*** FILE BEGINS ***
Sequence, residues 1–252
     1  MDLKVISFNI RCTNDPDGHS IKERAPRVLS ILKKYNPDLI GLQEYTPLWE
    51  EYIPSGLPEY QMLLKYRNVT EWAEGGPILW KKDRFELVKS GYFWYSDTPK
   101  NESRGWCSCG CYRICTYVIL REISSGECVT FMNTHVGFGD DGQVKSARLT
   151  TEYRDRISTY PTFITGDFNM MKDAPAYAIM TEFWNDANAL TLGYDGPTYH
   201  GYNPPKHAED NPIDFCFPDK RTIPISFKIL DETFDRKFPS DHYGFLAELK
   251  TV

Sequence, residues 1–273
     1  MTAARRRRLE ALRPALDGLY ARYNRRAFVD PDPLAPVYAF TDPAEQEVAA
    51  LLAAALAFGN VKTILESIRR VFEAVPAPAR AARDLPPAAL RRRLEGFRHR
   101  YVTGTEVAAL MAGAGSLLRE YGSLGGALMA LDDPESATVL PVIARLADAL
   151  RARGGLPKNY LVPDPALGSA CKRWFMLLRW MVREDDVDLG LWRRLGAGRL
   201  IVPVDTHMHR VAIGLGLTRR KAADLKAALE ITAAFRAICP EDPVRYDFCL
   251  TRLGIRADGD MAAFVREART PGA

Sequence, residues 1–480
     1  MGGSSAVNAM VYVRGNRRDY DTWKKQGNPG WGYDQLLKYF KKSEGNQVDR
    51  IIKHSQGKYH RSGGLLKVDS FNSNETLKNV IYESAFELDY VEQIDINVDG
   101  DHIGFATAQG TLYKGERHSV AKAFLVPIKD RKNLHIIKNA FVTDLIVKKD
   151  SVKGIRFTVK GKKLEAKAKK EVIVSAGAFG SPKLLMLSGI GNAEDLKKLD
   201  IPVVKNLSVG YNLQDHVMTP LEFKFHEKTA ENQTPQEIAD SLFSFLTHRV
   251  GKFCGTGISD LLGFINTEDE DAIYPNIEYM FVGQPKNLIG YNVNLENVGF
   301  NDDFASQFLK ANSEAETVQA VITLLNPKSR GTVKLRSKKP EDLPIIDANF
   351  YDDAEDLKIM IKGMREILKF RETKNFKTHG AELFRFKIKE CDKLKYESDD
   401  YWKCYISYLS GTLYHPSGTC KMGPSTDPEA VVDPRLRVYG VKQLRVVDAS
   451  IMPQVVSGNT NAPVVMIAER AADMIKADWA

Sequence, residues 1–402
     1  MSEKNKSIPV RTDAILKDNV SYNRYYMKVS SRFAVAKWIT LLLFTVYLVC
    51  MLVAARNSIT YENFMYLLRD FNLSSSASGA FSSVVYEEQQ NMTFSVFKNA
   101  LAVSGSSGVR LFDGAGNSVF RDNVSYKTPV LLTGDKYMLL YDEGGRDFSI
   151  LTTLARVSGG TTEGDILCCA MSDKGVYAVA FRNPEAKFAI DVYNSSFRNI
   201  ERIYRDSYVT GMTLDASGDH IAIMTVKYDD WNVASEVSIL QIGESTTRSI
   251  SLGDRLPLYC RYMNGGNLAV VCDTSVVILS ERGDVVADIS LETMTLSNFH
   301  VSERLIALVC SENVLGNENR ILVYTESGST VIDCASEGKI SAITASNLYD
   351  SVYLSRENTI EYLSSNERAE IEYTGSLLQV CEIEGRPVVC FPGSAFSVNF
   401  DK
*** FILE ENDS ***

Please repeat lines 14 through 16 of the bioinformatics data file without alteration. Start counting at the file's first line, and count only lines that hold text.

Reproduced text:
   251  TRLGIRADGD MAAFVREART PGA

Sequence, residues 1–480
     1  MGGSSAVNAM VYVRGNRRDY DTWKKQGNPG WGYDQLLKYF KKSEGNQVDR